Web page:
Life,  Venise's Blog

The most important thing to do at the fair…

Sure greasy fair food, carnival rides and games are what we all look forward to when we go to the fair each summer. There aren’t many things better, or more “American” than enjoying a summer night at the fair. Every year growing up it was tradition that our family would jump in the car, drive 45 minutes to Puyallup, WA and attend our state fair. It is the biggest fair in Washington and part of the reason I looked forward to going to school every fall…each student gets one free fair ticket at the beginning of the school year.

Even now that I have grown and have to pay my way, I still look forward to the fair each year. But the last three years have been especially exciting for me because Kate has earned her way to the state fair each year by showing her goats! In order to qualify for the state fair, 4H members must first show at their county fair and earn blue ribbons. Each club then sends their top showman and goats to the state fair. So, in a way, the state fair for 4Hers is like the state championship game for high school football players.

This year Kate and hundreds of other young members of 4H and FFA from around the state will spend today through Tuesday at the fair. Ross and Kate took off at 5:30AM this morning to get in a long line of trucks and trailers from around the state filled with animals deeply loved and cared for by these young showman. For us, it was only a 20 minute drive. For some, they come from hours away to represent their county at the fair.

The showman will spend the next four days grooming, clipping, bathing, feeding, watering, showing and loving on their animals. When they aren’t tending to their animals, they will spend the day in the barn working on homework that they will have accumulated from being absent from school for two days, taking their turn on barn duty which includes scooping poop, sweeping hay from the aisles and making sure all the animals are comfortable and being on hand to answer fair vistors’ questions about their animals.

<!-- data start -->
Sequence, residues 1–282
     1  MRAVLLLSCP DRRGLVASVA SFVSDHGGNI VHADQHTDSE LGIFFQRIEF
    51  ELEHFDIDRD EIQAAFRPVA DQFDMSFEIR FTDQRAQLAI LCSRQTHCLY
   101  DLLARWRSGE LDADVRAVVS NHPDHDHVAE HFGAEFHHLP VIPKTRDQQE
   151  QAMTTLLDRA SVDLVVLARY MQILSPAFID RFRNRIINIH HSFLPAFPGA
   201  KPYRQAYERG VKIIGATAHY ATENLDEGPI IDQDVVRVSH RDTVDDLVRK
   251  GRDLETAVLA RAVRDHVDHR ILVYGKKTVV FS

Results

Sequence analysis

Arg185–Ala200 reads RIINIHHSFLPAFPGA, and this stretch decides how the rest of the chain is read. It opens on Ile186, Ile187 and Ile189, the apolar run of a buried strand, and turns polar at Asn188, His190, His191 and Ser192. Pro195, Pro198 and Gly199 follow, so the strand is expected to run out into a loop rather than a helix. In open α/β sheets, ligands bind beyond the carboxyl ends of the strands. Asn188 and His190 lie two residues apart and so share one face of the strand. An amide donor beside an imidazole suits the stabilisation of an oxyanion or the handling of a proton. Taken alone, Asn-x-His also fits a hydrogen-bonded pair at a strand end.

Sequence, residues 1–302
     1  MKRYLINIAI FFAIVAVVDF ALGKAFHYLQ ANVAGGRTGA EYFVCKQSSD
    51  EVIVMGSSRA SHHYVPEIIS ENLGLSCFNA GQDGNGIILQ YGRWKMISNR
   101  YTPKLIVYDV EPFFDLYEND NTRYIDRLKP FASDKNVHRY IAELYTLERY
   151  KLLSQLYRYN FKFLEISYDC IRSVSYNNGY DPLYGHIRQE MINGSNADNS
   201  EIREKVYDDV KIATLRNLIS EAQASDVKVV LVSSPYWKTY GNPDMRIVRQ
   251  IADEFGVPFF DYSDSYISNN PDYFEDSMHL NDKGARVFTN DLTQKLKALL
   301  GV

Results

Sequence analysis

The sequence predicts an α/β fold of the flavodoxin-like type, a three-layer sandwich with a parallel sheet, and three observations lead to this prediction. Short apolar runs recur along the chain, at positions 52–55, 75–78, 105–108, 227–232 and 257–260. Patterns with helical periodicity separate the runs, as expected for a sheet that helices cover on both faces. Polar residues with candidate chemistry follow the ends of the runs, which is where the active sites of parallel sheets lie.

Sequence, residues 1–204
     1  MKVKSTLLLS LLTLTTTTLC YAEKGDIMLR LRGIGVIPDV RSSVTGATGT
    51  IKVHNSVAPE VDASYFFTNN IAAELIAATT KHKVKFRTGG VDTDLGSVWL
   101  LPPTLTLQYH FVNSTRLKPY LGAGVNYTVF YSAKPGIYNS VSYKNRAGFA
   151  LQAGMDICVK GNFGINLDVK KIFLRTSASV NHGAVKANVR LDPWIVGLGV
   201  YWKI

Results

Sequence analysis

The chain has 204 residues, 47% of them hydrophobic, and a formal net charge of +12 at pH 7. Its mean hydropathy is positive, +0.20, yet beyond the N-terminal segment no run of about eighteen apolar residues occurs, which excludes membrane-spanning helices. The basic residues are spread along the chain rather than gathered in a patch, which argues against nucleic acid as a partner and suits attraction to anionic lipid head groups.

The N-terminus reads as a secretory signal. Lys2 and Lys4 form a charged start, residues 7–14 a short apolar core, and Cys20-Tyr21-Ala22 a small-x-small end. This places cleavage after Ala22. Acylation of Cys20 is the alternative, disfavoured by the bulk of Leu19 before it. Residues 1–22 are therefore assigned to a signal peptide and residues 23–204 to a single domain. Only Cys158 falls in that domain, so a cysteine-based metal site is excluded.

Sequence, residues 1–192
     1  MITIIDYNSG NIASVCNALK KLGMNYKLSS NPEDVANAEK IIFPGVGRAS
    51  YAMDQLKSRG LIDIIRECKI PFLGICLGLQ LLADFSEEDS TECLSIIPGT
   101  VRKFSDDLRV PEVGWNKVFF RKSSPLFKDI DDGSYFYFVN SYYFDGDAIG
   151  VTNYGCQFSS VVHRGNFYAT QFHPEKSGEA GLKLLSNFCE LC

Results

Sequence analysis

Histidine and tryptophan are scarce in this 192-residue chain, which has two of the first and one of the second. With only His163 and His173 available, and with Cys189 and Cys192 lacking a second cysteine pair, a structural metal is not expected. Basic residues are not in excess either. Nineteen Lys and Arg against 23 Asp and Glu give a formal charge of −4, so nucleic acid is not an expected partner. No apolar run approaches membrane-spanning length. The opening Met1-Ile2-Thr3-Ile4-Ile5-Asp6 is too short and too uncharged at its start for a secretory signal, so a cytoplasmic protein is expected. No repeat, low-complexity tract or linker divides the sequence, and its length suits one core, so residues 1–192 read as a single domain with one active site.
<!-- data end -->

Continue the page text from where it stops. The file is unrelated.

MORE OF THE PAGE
For Kate and many other 4H members, answering questions and sharing the knowledge and life lessons she has learned from raising goats is her favorite part. She is usually the first to go up to fair visitors who are admiring her goats and ask them if they have any questions. All year she has taken care of the goats, gone to shows to get ready for the big state fair and studied goat husbandry books so that she can correctly answer the questions fair visitors and judges have. This is her chance to shine and show the state all that she has learned in her goat 4H adventure.

So, I encourage you to visit your local fair and scream your heart out on a carnival ride, spend $20 tossing balls at milk jugs to win a stuffed animal worth $1, stuff your face with an elephant ear and then head over to the barns where the 4H and FFA members are and ask some questions about the different animals. Encourage your children to ask questions – you would be surprised how many kids don’t know that male animals can’t make milk. Grab a seat in the bleachers while you chow down on your elephant ear and watch a show class.  And most importantly, congratulate the showman on their hard work, dedication and achievements in the show ring. They have worked hard for this and having others acknowledge that means the world to them.

If you happen to be at the state fair in Puyallup this weekend, make sure you swing by the goat barn and say hi to Kate and her state qualifying goats, Dozer, EB, Sade, Dallas and one baby who still doesn’t have a name (feel free to give Kate some suggestions)! See you all at the fair!

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